It is Easter. Last year I wrote a reflection on Holy Week, and decided I wanted to write something this week. The thoughts for this reflection come from the topics that will be discussed today in the Sunday School class I’m leading on the Social Principles of the Methodist Church.
John 20: 10-15 — Then the disciples went back to their homes, but Mary stood outside the tomb crying. As she wept, she bent over to look into the tomb and saw two angels in white, seated where Jesus’ body had been, one at the head and the other at the foot.. They asked her, “Woman, why are you crying?” “They have taken my Lord away,” she said, “and I don’t know where they have put him.” At this, she turned around and saw Jesus standing there, but she did not realize that it was Jesus.
“Woman,” he said, “why are you crying? Who is it you are looking for?” Thinking he was the gardener, she said, “Sir, if you have carried him away, tell me where you have put him, and I will get him.”
You see He died day before yesterday. We placed him in a snug comfortable tomb. We put him where we could find him.
Mary was in deep grief and loss. Her future hopes were dashed. Her emotions were raw. Like the other follower’s of Jesus, she was scared and uncertain about the future.
She went to find the remains of her Lord to care for Him as He had cared for her. She knew it was over when He had been pulled from the garden and taken from judge to judge, handled by hateful hands and discarded as just another expendable religious fanatic.
And on this morning of all mornings Mary needed Him to be where He was supposed to be. Where was He? Who took Him, and how could she get him back? Could it be that her need to find Jesus where she left Him hindered her from seeing where He was?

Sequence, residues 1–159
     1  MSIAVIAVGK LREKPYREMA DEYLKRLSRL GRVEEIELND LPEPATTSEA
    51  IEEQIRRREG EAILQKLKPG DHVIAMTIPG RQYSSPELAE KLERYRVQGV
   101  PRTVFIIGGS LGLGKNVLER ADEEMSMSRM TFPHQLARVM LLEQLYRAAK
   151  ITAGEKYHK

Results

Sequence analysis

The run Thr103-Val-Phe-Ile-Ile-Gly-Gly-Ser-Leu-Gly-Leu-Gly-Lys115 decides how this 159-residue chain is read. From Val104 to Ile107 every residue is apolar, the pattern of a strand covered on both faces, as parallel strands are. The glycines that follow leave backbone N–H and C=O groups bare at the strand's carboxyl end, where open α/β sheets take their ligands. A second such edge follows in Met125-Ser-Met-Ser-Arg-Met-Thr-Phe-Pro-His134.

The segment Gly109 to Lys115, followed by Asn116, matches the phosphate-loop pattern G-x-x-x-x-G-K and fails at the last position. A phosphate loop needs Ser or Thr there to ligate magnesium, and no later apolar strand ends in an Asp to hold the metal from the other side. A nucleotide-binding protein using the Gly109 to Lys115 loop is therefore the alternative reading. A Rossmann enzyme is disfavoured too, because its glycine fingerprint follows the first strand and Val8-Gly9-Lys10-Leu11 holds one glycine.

Can our need to keep Jesus where we need him blind us to where Jesus is moving today? Can our need to confine Jesus keep us from participating in the real power of his resurrection? Do we waste our time by looking in a graveyard for a living, dancing, glorified Jesus?
Now let’s not think little of Mary. She represents many that are loyal, vigilant, and faithful to attending a graveyard where Jesus used to be and asking, “Where have they taken him?”
Someone said, “We’ve got Him. He’s over here behind stained glass and in the vaulted ceilings of mighty Gothic cathedrals. He flies in buttresses. He resides in shrines and holy places, in relics and shrouds. He whispers a lot.
“No, we’ve got him!”
Jesus is walking among things political and national. Jesus is the man. Proposition J. He is a plank on our platform. We put him back on the Supreme Court! He is on the banner that goes before us in war…He supports preemptive strikes! He is here with us on the right. We sealed Him up in our positions, our rallies and our mass mailings. We’ve got him, we’ve dressed Him up in prejudice. Made Him hate the poor, the immigrant, and Mickey Mouse. He speaks very little…we talk for Him.?